No, Really, We've Landed On The Moon

To this day, some claim the Apollo missions never sent men to the moon. But there's a lot of science that says yes, they did.

By Evan Thomas | October 6, 2015

Twelve people have walked on the surface of the Moon during the Apollo program, at a cost of more than $25 billion

Granted, it's not something everyone gets to experience. But to this day some claim it never happened: seven percent of respondents, in some polls collected as recently as 2013. (Video via NASA)

That's, uh, lunacy. Let's break down some of these arguments and beat them into submission with science. (Video via NASA)

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First, one of the favorites: that American flag is waving in the breeze! There's no breeze on the airless moon, therefore this is fake. (Video via NASA)

No, this is inertia. As NASA explains, "Unfurling a piece of rolled-up cloth with stored angular momentum will naturally result in waves and ripples -- no breeze required!"

The Apollo 11 crew bent some of the rods intended to hold the flag out straight, which added some ripples. The Apollo 12 astronauts had the same issue. (Video via NASA)

Okay, but there's no crater at Lunar Module landing sites! How do you land 36,000 pounds of spaceship and astronauts without digging out a bunch of that moon dust?

First, gravitational acceleration on the moon is roughly six times weaker than it is on Earth, so the Lunar Descent Engine didn't have to work all that hard: closer to 6,000 pounds of thrust, rather than 36,000.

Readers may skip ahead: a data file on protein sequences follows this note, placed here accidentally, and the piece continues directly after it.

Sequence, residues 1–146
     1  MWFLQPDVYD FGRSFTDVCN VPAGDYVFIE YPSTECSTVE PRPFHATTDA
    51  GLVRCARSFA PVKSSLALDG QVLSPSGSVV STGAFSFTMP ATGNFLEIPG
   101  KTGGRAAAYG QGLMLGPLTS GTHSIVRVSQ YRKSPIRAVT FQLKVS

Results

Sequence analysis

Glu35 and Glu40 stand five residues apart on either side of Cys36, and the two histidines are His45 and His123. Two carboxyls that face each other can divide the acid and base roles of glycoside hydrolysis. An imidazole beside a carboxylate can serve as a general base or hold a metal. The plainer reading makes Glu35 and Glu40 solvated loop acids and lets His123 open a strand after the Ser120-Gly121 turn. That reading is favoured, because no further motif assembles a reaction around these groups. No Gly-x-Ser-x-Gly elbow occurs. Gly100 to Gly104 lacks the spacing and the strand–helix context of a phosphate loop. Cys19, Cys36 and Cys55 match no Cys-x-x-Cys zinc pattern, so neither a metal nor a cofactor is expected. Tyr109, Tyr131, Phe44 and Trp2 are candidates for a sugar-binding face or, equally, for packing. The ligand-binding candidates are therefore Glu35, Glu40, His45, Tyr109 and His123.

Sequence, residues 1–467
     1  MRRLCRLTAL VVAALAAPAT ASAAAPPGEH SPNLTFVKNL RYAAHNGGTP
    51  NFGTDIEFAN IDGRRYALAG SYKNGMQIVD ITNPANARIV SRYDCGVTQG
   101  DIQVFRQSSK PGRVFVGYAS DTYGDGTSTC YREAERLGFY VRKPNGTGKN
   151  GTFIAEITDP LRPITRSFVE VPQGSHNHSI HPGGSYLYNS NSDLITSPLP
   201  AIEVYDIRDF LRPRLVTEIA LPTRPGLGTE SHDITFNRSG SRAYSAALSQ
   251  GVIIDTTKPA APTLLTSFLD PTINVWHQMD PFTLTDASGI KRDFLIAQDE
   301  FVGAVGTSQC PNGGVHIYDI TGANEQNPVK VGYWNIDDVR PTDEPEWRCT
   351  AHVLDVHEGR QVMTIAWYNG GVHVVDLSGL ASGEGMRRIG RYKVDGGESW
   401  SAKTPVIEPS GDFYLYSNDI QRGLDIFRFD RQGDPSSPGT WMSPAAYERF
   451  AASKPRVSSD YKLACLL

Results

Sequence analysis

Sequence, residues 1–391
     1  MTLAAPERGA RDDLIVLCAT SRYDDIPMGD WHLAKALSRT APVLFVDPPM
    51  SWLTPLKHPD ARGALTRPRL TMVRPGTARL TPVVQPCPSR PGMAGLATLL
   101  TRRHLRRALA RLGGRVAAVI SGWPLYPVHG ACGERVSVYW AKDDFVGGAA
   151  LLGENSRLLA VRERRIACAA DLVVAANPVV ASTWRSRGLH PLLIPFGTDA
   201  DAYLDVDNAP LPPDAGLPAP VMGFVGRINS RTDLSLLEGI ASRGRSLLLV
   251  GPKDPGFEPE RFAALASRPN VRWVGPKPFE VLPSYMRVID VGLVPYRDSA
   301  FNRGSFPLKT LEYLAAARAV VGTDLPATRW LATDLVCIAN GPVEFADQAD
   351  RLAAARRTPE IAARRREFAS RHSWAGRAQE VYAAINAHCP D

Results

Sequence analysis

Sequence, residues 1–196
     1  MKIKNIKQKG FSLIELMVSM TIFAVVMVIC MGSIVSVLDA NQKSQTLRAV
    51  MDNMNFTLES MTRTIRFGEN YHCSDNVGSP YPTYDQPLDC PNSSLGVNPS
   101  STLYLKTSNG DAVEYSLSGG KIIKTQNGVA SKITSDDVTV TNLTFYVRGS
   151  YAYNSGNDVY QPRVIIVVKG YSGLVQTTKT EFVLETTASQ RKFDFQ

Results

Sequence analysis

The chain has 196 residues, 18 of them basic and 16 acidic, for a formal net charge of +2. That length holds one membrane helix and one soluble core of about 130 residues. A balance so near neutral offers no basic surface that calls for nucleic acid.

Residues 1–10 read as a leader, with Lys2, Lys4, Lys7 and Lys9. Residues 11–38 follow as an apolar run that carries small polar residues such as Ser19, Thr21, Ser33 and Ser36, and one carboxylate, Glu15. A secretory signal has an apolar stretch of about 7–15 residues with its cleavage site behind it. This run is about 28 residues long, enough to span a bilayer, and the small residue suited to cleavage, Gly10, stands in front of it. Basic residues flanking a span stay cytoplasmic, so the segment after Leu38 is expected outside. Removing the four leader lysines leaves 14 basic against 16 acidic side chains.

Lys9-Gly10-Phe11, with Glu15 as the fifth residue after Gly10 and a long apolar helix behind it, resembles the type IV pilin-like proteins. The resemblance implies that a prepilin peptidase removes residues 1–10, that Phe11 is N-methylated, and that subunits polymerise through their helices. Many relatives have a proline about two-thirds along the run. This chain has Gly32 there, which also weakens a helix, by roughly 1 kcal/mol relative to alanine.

And the LEM throttled back as it approached the surface, to make landing as smooth as possible. Less thrust means less crater. (Video via NASA)

What about the multiple light sources? Like those you might see illuminating a film set?

Sunlight reflects off objects on the moon the same way it does here on Earth. So all of these images and videos include light reflecting from Earth, the lunar module, and from the dust on the surface. (Video via NASA)

Which leads us to the complete lack of stars. Pretty amateur mistake by the set director, right? They should fire their art guys.

Actually, this is a matter of camera settings. Apollo astronauts had to set the cameras they used — these Hasselblad 500ELs — to properly expose the environment and the work they were doing. 

You could probably ramp up the exposure to get dim stars in the background, but it would blow out everything else. 

The astronauts would start looking like beings of pure luminous energy wandering the moonscape, which is an entirely different conspiracy theory. (Video via NASA)

Okay, so what about the bootprints? They're perfect. Too perfect. Done-ahead-of-time-in-concrete perfect.

You can thank dust for this one. Specifically, Lunar regolith. Individual granules of it are spiky and abrasive, closer to volcanic ash than beach sand. 

This means it packs together really well, and the absence of any wind on the surface — we've been over this, there's no atmosphere for wind — means those footprints won't degrade anytime soon.

Bonus evidence: You can only get a hammer and a feather to fall at the same speed in a vacuum. Know what you can't reliably stick in a vacuum? A film crew. (Video via NASA)

Repeated independent scientific examinations show the lunar samples returned with the Apollo missions do not naturally exist and cannot naturally form anywhere on Earth.

And the Lunar Reconnaissance Orbiter can see the footpaths and installations of the Apollo missions.

You could always ask Buzz Aldrin to prove it, but he has been known to punch deniers who get too persistent. Your call.

This video includes images from NASA and Getty Images and music from Birocratic / CC BY 3.0.

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